All Swords All The Time – Updates Tuesdays and Fridays

Op/Ed: Pathways to HEMA


by Meg Floyd


It has become apparent tome from my travels and relationships within the historical fencing world that there is usually a particular path that calls a fencer–either from natural inclination or proclivity–into deeper study of the Art. The best among us embody all three to some extent, but you can usually tell which pathway for a fencer is “dominant.” Really this has more to do with how the fencer defines himself (the point of his study of HEMA) more than anything else, and is usually revealed by what the fencer spends their time/resources on and how they portray themselves to the wider community.

I should be clear here when I say I am referring mainly to fencers involved in the wider international community who travel to events and are usually regarded as being at “instructor” level (whatever that means). The “path” of the fencer is also not always immediately apparent, and in my opinion the discovery of this by the fencer for themselves is intrinsic to progressing along the path from novice to serious fencing student.

I should also take pains to point out that, despite the tendency of people to want to render judgment, moral and otherwise, on people in seemingly opposing paths to their own within the community, this is a form of tribalism, and I don’t think it’s conducive to enriching the community of HEMA as a whole. A lot of it has to do with identification politics (“What I do is HEMA, what you do isn’t”, or “This is how I want HEMA to look in the future, and you’re endangering it!”). People are, understandably, very passionate about this. However, I do not render moral judgment here on the superiority of one path over another, and I would discourage others from doing so. All three paths form a trinity upon which the future of HEMA rests. Only through the love engendered by finding their true path can a fencer muster the endurance to weather the physical, intellectual, emotional, and financial demands over the number of years it takes to become a true student of historical fencing. This may not be true for every person, but it’s how I found my way, and likely it bears some vague resemblance to the experience of some others.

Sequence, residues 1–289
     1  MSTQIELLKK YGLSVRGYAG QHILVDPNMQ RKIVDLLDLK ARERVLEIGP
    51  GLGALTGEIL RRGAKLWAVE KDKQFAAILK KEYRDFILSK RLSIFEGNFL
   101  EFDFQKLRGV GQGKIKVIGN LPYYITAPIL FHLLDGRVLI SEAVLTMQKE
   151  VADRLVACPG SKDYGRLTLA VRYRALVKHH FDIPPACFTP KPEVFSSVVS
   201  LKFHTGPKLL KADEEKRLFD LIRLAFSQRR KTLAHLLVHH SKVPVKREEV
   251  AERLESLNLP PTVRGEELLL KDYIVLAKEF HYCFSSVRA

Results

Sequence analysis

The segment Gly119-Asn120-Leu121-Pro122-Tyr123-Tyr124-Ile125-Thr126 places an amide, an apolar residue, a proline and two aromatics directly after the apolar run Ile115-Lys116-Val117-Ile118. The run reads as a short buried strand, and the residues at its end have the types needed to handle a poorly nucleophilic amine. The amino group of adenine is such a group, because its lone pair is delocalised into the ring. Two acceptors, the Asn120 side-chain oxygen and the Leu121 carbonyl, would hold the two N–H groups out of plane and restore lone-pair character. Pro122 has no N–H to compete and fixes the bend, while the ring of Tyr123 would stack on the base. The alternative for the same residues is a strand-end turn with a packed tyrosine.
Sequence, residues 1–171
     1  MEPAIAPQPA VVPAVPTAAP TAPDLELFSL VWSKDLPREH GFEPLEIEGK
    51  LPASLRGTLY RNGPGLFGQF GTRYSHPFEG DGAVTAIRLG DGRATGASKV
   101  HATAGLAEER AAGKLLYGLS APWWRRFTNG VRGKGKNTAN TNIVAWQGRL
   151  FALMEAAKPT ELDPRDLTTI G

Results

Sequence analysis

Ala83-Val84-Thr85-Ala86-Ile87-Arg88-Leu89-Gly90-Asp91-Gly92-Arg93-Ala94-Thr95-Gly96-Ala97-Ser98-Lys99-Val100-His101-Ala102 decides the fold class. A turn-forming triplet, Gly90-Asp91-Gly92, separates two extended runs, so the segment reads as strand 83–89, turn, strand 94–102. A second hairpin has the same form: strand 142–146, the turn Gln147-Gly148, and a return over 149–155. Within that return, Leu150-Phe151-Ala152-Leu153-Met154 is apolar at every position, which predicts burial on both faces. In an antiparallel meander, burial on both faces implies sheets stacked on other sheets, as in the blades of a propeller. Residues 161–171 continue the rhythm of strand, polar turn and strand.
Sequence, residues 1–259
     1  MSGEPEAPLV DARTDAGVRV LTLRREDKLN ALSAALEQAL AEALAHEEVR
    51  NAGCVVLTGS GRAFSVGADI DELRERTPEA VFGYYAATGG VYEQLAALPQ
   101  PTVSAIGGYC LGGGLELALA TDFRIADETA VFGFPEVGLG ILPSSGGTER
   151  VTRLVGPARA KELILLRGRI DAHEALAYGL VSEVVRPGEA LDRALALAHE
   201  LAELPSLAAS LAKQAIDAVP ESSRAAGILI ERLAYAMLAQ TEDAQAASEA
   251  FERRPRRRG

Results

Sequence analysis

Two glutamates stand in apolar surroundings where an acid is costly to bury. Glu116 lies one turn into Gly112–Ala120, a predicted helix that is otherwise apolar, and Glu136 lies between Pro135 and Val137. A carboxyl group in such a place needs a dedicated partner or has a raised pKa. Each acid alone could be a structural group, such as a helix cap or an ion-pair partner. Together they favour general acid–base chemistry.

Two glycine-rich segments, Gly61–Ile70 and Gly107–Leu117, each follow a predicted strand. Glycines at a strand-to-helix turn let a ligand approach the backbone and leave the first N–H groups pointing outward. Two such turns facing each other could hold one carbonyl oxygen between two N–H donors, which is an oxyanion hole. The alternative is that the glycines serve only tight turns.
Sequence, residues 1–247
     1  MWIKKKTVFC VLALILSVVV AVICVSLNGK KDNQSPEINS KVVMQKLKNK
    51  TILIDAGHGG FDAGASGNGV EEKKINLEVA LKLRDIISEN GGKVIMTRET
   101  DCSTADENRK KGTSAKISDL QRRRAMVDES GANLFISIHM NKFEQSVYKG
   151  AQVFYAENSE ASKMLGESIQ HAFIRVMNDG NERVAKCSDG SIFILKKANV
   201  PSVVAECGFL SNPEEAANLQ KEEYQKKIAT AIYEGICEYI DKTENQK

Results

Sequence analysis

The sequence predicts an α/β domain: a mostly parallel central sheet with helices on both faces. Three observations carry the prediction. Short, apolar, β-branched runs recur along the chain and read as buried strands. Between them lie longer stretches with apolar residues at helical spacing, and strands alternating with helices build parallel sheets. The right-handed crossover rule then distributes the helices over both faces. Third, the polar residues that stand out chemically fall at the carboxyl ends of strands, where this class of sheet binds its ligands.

The pathways are:

1) Researcher/scholar

2) Fighter/tournament champion

3) Coach/instructor

For me, it was the path of coach/instructor that really drew me deeper into the study of the Art. Out of necessity more than anything else did I start teaching others at my club, and it was through striving to improve my own grasp on pedagogical theory in the context of Meyer (the manual my club happens to study) that my understanding increased and significant improvements in my own fencing occurred. Wanting to be a coach is also what allowed me to fall in love with the Art on my own terms and “arrange the work in itself”, in Meyer’s words. I previously had thought my path of pursuing HEMA was exclusively that of tournament fighter, a mistake that was nearly fatal to my practice because it did not provide the fulfillment necessary to face the very real rigors of pursuing HEMA on a serious level. I had my first HEMA class in 2007, have been engaged in rigorous study of HEMA since 2012, and have been competing since 2011, but I would not say I truly began learning what the Art is about, what I’m after in it, until this past January, in 2014. It was a humbling and profound realization. I would not call myself a great fencer or an expert on anything at this point, but it was a step that was taken in the right direction, like my eyes being opened, in the sense of, Oh, that’s what you’ve all been going on about all these years. And it’s awesome.

What about you, HEMA? What’s your path?


2 thoughts on “Op/Ed: Pathways to HEMA

  1. Great article, thanks for sharing your thoughts! I would consider me to be still at the beginning of my path. I started doing HEMA in 2012, but in short two years I figured out that I want primarily go into research. That doesn’t mean that I will stop doing sparring, of course. But I’m not a person who enjoys competitions very much, so tournaments are not really my cup of tea. Luckily, as a student of History and hopefully someone working in a museum very soon I had and will have many opportunities to work with the sources as part of my job. I hope that I can combine my hobby and my job one day – something I dreamed of my entire life. All in all, the question which path in HEMA I will choose was not so difficult for me.
    All the best, Daniel.

  2. I would like to add a path! 🙂

    Martial artist/performer.

    The one who studies the art for it’s (technical, motoric, precise, choreographic) beauty and wishes to master it in order to inspire and educate the world around him/her by performance of martial expression.

    Quite a few groups incorporate the showmanship element to some extent in their demonstrations. Some groups and HEMArtists started out as show fighters. Few take HEMA showmanship as their main path, especially since it’s sometimes regarded as some kind of pseudo art. And yet they have an important role to play when it comes to making HEMA rise out of obscurity.

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